You are so priceless to me, you're like the first rainbow in spring
Your love comforts my heart with joy you bring

Never had a lover, babe
My baby, my baby, my darlin'

You are so priceless to me and loving you has made me see
With your love I can do most anything
You are so priceless to me, you're like the first rainbow in spring
Your love comforts my heart with joy you bring

You are so priceless to me and loving you has made me see
With your love I can do most anything
You are so priceless to me, you're like the first rainbow in spring
Your love comforts my heart with joy you bring

You are so priceless to me and loving you has made me see
With your love I can do most anything

Credit: Screen capture via
January 17th, 2019
An emerald engagement ring that survived the fateful final voyage of the Titanic in 1912 made a surprise appearance on BBC's Antiques Roadshow this past Sunday.

The ring, which features an emerald center stone flanked by smaller emeralds and diamonds in a platinum setting, was owned by the guest's grandmother, who was newly married and only 18 years old at the time.

Her grandmother managed to board a lifeboat and escape the sinking ship, but her grandfather was not as lucky.

Antiques Roadshow expert Joanna Hardy said the emerald ring by La Cloche was first class in every sense of the word. She explained that the famous jeweler had a shop in Paris, but also opened a location on Bond Street in London in 1904.

“All of the rich and the famous and the dignitaries would buy La Cloche jewelry," Hardy said. "And this is definitely an engagement ring because you have the emerald there, which means hope and renewal, rebirth and life, and the diamonds are all set in platinum."

Hardy noted that she was surprised that the emerald ring has remained in such stunning condition.

“The fact it has survived [the sinking of the Titanic] is quite incredible," she said.

The guest noted that her grandmother was traveling in second class and was accompanied by her husband, mother and aunt when the ship hit an iceberg and started to take on water 400 miles off the coast of Newfoundland. The disaster took the lives of 1,503 people.

“I believe they were told to put on any jewelry they had at the time," the guest explained. "[My grandmother] had other jewelry, which was in the safe which went down with the ship, but yes she was wearing this.”

“That makes me have goosebumps just to think about it," Hardy responded.

The expert then offered two valuations for this special family heirloom.

Without considering the provenance of having traveled on the last voyage of the Titanic, the ring would be worth £6,000 to £8,000 ($7,726 to $10,296), she said.

If the ring's presence on the Titanic could be verified, its value could easily jump to £30,000 ($38,612) or more, Hardy added.

Despite the promise of a big windfall, the guest indicated that she had no intention of selling it.

“OK, wow," she said. "It will stay in the family.”

Images: Screen captures via BBC One.
January 16th, 2019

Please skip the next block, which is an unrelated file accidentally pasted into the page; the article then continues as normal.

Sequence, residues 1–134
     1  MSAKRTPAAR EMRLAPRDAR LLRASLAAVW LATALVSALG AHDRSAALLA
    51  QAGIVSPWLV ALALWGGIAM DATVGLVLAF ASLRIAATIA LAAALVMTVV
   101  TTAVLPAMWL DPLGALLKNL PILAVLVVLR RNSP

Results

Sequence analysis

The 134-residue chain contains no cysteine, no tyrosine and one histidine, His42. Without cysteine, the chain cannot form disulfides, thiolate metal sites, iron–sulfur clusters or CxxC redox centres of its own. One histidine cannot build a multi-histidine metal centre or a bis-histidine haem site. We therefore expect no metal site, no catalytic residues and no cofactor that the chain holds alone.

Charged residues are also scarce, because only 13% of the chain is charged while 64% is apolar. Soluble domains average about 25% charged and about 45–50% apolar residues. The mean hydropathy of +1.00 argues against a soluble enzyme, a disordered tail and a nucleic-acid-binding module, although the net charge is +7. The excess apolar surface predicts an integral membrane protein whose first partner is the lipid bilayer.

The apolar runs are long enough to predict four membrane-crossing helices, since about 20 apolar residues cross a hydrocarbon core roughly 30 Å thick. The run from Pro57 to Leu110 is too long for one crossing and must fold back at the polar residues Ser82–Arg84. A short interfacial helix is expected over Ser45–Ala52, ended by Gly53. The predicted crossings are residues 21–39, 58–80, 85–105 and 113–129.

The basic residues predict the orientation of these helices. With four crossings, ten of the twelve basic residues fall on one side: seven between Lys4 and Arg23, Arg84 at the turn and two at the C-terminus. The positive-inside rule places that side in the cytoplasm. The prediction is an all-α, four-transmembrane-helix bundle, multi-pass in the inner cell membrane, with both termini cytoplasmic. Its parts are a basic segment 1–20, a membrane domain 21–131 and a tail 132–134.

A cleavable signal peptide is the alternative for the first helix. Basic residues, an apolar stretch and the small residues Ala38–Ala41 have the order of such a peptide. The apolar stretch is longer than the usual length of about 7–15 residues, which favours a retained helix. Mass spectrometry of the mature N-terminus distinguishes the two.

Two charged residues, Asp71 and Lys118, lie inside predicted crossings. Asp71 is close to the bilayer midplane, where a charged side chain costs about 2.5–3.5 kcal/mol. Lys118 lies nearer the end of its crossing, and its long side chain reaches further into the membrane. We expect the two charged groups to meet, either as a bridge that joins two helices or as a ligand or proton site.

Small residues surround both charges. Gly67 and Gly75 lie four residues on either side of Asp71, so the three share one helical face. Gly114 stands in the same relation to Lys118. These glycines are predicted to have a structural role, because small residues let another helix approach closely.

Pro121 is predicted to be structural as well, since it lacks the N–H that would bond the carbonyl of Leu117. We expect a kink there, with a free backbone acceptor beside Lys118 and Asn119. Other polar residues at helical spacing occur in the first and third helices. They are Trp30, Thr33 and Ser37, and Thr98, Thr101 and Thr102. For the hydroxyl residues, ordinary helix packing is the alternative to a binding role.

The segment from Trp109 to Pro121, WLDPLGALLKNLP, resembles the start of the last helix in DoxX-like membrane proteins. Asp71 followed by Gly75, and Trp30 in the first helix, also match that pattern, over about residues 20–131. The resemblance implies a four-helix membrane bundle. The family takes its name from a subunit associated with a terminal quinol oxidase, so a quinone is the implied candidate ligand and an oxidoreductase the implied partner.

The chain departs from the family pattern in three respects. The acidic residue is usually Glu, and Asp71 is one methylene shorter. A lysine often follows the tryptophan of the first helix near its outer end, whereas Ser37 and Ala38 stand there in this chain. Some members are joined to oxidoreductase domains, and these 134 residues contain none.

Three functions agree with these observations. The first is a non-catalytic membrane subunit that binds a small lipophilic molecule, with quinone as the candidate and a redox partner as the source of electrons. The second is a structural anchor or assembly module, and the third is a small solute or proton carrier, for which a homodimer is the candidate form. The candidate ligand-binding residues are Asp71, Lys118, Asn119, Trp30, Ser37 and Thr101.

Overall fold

An eagle-eyed New Jersey police officer earned a bowl of meatballs and high praise for finding a diamond that had popped out of a crossing guard's engagement ring at a Tenafly intersection. What made the find even more remarkable was that the diamond was mixed in with broken glass, gravel, ice and other reflective debris.

A day earlier, crossing guard Kathy Iannantuano had been overcome with grief when she noticed the diamond missing from her engagement ring while she was on duty at the corner of Riveredge Road and Jefferson Avenue last week. Iannantuano's late husband proposed with that ring 52 years ago and it has never left her finger.

"I can't even tell you the feeling that I had," Iannantuano told New York's ABC7. "I can't even talk about it now without getting emotional."

Iannantuano first searched the intersection, then her car, home, jacket and gloves. She and her son returned to her intersection later that evening, but they came up empty.

"Oh, I didn't sleep, let me tell you. It was awful," Iannantuano told ABC7. "It just was like the last part of my husband was gone. Because he's been dead three years and I never took that ring off, never."

Iannantuano proved her point by displaying a deep depression in the base of her ring finger, apparently caused by a ring that was a tad too small for the better part of a half century.

When Iannantuano returned to her job the next day, she was greeted by Officer Louis Smaragdakis, who cheerfully said "Good morning" and then he asked the crossing guard how she was.

"She put her head down and I knew something was wrong," he said.

"It was the wrong question to ask," said Iannantuano. "I started to cry."

She told the officer about the lost diamond and he was eager to help find it, but this would be no easy task.

"There was a motor vehicle accident last week. And there were some glass fragments and shards in the ground," he said. "There was also ice on the ground. Everywhere you looked there was some kind of reflection. So I said to myself, 'There is no way I'm going to find this.'"